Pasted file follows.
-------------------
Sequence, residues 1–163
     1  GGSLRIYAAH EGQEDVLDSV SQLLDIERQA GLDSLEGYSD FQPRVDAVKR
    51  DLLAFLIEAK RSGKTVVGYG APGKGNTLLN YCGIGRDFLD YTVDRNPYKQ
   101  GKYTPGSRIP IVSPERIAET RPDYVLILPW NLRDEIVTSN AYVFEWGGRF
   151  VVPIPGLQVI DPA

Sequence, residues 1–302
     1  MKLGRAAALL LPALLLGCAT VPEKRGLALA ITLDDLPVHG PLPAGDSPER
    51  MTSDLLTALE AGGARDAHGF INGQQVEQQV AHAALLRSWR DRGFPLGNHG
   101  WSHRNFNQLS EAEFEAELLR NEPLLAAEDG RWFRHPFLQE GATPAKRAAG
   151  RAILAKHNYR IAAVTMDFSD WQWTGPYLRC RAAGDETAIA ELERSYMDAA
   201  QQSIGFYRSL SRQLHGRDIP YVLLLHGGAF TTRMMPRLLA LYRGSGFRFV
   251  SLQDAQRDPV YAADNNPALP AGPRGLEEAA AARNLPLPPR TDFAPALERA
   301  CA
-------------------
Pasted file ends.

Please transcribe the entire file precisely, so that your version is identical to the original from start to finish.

Sequence, residues 1–163
     1  GGSLRIYAAH EGQEDVLDSV SQLLDIERQA GLDSLEGYSD FQPRVDAVKR
    51  DLLAFLIEAK RSGKTVVGYG APGKGNTLLN YCGIGRDFLD YTVDRNPYKQ
   101  GKYTPGSRIP IVSPERIAET RPDYVLILPW NLRDEIVTSN AYVFEWGGRF
   151  VVPIPGLQVI DPA

Sequence, residues 1–302
     1  MKLGRAAALL LPALLLGCAT VPEKRGLALA ITLDDLPVHG PLPAGDSPER
    51  MTSDLLTALE AGGARDAHGF INGQQVEQQV AHAALLRSWR DRGFPLGNHG
   101  WSHRNFNQLS EAEFEAELLR NEPLLAAEDG RWFRHPFLQE GATPAKRAAG
   151  RAILAKHNYR IAAVTMDFSD WQWTGPYLRC RAAGDETAIA ELERSYMDAA
   201  QQSIGFYRSL SRQLHGRDIP YVLLLHGGAF TTRMMPRLLA LYRGSGFRFV
   251  SLQDAQRDPV YAADNNPALP AGPRGLEEAA AARNLPLPPR TDFAPALERA
   301  CA